At the time of publishing, the fate of this building still lay in the balance:
“The threatened City of London Boys’ School, Edwardian Baroque landmark on the Thames”
The Victoria Embankment building, a grand building said to be in the Italian Renaissance style but actually in a high Victorian style with a steep pitched roof resembling that of a French chateau, was designed by Davis and Emanuel and constructed by John Mowlem & Co at a cost exceeding £100,000 (about £7,570,000 in 2008). The designers designed the school as “amazingly unscholastic, rather like a permanent Exhibition Palace.”
On the front of the building are statues of Shakespeare, Milton, Bacon, Newton and Sir Thomas More with “the first four emphasising the school’s literary and scientific traditions [and] the last being a religious martyr, a famous lawyer and the author of Utopia.”
The building remained the home of the City of London School for a hundred years, although the site expanded to include not only the original building on the Victoria Embankment itself, but a range of buildings at right angles along the whole of John Carpenter Street, which was named after the founder of the school, and further buildings constructed at the back along Tudor Street, with the school playground, Fives courts and cloisters enclosed within the site. These other buildings were demolished when the school moved again in 1986. Here the school was adjacent to the City of London School for Girls, which was founded by the City of London Corporation as a sister school in 1894 and moved in 1969 to its present site in the Barbican, and the Guildhall School of Music and Drama which has also since moved to the Barbican. It was also next to the traditional home of the British newspaper industry in Fleet Street.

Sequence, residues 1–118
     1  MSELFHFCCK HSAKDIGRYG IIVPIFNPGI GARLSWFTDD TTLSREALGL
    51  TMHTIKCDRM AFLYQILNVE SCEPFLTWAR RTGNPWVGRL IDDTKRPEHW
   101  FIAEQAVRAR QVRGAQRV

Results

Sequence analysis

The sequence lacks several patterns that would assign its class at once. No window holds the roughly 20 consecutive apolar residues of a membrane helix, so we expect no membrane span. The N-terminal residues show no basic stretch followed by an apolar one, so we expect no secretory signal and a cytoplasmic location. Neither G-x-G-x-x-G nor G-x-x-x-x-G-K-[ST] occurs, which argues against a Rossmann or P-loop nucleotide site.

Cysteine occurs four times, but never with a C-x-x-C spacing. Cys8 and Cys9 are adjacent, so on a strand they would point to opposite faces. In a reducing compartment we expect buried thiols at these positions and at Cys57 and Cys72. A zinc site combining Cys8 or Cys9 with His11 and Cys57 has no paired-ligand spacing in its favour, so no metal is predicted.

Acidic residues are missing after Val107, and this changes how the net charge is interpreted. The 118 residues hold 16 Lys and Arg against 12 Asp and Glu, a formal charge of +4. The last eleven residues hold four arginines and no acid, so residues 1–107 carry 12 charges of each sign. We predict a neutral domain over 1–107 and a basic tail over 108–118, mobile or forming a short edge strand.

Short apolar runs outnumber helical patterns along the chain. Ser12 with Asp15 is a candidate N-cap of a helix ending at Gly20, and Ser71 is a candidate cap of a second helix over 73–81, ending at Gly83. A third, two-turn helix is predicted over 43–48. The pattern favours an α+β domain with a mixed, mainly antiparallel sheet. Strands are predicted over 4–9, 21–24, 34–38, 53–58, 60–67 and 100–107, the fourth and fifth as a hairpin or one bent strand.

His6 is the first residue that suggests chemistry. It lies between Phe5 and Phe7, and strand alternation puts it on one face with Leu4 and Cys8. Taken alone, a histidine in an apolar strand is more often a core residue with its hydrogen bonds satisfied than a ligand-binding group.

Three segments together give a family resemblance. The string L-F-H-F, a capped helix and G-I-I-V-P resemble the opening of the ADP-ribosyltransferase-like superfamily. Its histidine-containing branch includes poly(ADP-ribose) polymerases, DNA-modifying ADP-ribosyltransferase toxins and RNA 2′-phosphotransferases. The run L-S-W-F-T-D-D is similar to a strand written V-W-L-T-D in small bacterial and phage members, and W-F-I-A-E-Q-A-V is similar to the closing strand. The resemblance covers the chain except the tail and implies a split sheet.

This building still stands and is now protected by a preservation order; it is presently occupied by the investment bank JPMorgan and it appeared on the left of the famous Thames Television ident for 20 years from 1968 to 1989. The building still features the school’s name above the door.
Present day image: By The wub – Own work, CC BY-SA 4.0